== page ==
Faced with a patient who presents with telltale signs of HPV-related head and neck cancer, Mount Sinai’s Eric Genden, MD, has at his disposal a new technology in addition to the standard tools for diagnosis and treatment. He is increasingly opting to confirm his suspicions with a new tool that he has added to his armamentarium: an assay that is able to detect circulating tumor tissue-modified viral (TTMV)-HPV DNA, often referred to as a liquid biopsy.
“With a simple blood draw, we are able to confirm our suspicions of HPV-related disease, which is invaluable given the current HPV epidemic we are experiencing,” says Dr. Genden, the Isidore Friesner Professor and Chair of Otolaryngology – Head and Neck Surgery at the Icahn School of Medicine at Mount Sinai. “In fact, we are able to detect HPV-associated disease often months before it manifests clinically. This technology is fast becoming a major player in the way we diagnose, treat, and monitor patients.”
Developed by Naveris, the assay, NavDX®, is a unique, clinically validated TTMV-HPV DNA blood test that enables detection of HPV-driven cancer. Its proprietary technology quantifies fragments of TTMV HPV DNA, the biomarker that HPV cancer cells shed into the blood stream, and it is able to distinguish TTMV-HPV DNA from non-cancerous sources of HPV DNA. It is indicated for use with HPV16 and HPV18—the two most common high-risk HPVs—and for HPV33 and HPV35.
“The company asked us to collaborate with them in 2020 about using the assay based on the high volume of patients we see with HPV-related cancer,” says Marshall Posner, MD, Director of Head and Neck Medical Oncology; Professor of Medicine (Hematology and Medical Oncology) at Icahn Mount Sinai; and Co-director of the Protocol Review and Monitoring Committee of The Tisch Cancer Institute at Mount Sinai.
“We have been able to determine in many patients with HPV-associated throat cancer that this liquid biopsy is reliable and accurate in detecting disease, confirming the effectiveness of treatment, and helping to monitor patients for recurrent disease.”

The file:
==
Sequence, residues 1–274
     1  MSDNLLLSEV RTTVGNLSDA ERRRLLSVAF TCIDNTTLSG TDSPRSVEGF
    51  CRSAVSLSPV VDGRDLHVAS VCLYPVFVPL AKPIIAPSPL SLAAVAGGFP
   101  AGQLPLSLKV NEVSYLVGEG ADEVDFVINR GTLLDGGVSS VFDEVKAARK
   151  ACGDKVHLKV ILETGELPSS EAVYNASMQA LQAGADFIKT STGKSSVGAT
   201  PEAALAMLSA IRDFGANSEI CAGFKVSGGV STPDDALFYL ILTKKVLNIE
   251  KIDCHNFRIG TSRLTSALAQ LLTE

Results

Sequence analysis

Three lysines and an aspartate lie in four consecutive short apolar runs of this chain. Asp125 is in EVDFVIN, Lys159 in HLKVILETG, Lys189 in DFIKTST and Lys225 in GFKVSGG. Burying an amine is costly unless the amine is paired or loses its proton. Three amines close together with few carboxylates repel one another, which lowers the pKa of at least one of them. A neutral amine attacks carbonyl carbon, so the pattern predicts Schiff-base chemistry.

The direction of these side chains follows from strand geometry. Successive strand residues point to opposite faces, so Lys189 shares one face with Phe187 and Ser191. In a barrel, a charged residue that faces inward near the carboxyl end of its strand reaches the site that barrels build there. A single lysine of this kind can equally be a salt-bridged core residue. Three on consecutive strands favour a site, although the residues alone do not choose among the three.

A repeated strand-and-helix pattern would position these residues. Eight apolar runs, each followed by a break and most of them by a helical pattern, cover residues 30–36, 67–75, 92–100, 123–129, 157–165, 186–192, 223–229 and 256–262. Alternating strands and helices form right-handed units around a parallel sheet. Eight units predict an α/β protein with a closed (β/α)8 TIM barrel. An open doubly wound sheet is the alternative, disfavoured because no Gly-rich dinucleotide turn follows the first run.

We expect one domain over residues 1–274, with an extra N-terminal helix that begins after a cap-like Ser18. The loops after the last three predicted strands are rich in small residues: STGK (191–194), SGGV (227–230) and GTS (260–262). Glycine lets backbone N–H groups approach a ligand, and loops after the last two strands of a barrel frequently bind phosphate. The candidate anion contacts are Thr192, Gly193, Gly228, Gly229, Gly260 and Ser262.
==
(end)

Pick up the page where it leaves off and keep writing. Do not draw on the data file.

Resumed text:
In addition to its value as a diagnostic tool, NavDX has also been helpful in assessing the efficacy of ablative procedures in treating cancer patients. In patients who demonstrate elevated pretreatment TTMV-HPV DNA values, a decline in TTMV-HPV DNA following surgery, radiation, or chemotherapy indicates successful treatment of the tumor. Persistently elevated assay values are indicative of a persistent or incompletely treated tumor.
Dr. Genden cites one case involving the resection of an HPV-related neck tumor as illustrative of the assay’s value. Post-surgery, the patient’s titer was zero, but an assay conducted three months post-treatment was positive for TTMV-HPV DNA and the value increased in a subsequent assay. A positron emission tomography/computed tomography scan revealed a small area of cancer on the opposite side of the patient’s neck that had not been identified.
“This is a patient whose disease may have gone undetected until it became advanced and necessitated debilitating life-changing radiotherapy for treatment,” Dr. Genden says. “By following the assay numbers, we have a reliable guide as to whether we have removed the entire tumor, whether it has recurred, or whether there is further disease that was not encompassed by therapy.”
Graph: The patient presented with locally advanced HPV head and neck cancer—pretreatment liquid biopsy was positive.
That said, Dr. Posner cautions that the assay is associated with a certain degree of false negatives—approximately 5 percent based on their data—and they are investigating this phenomenon further to assess the associated risk. He hypothesizes that this is the result of the low number of TTMV-HPV DNA released by some of the tumors, either due to biology or low volume of cancer or both. Moreover, he adds that the assay is not as effective in assessing response to immunotherapy or vaccine treatment modalities.
“The fluctuation in the numbers is too great at this time for us to determine whether the assay is accurately reflecting whether cancer is responding, stable, or growing,” Dr. Posner says. “You can follow a general trend, but you cannot get a precise number. That may be because there is cytolytic or immune-modulated cell death that is increasing or decreasing the amount of apoptotic cell death. It is possible the assay is actually more accurate then scans, however, this is where our research is investigating the utility and biology of the assay.”
These are some of the questions Dr. Posner hopes to gain more insights on with further data. He is also looking to gain more insights on prediction of recurrence, specifically whether he and his colleagues should be looking at absolute or relative numbers to assess that risk. Meanwhile, Dr. Genden is studying whether negative titers post-surgery can be used to rule out radiotherapy, which would significantly reduce treatment-associated morbidity among patients. Regardless, Drs. Genden and Posner agree the assay has already proven to be invaluable.
“The bottom line is we now have a tool that enables us to make determinations that improve patient outcomes and morbidity with less inconvenience, fewer side effects, and less cost,” Dr. Posner says.
Eric M. Genden, MD, MHA, FACS
Professor and Chair Otolaryngology – Head and Neck Surgery
Marshall Posner, MD
Director, Head and Neck Medical Oncology; Professor, Medicine (Hematology and Medical Oncology); Co-director, Protocol Review and Monitoring Committee, Tisch Cancer Institute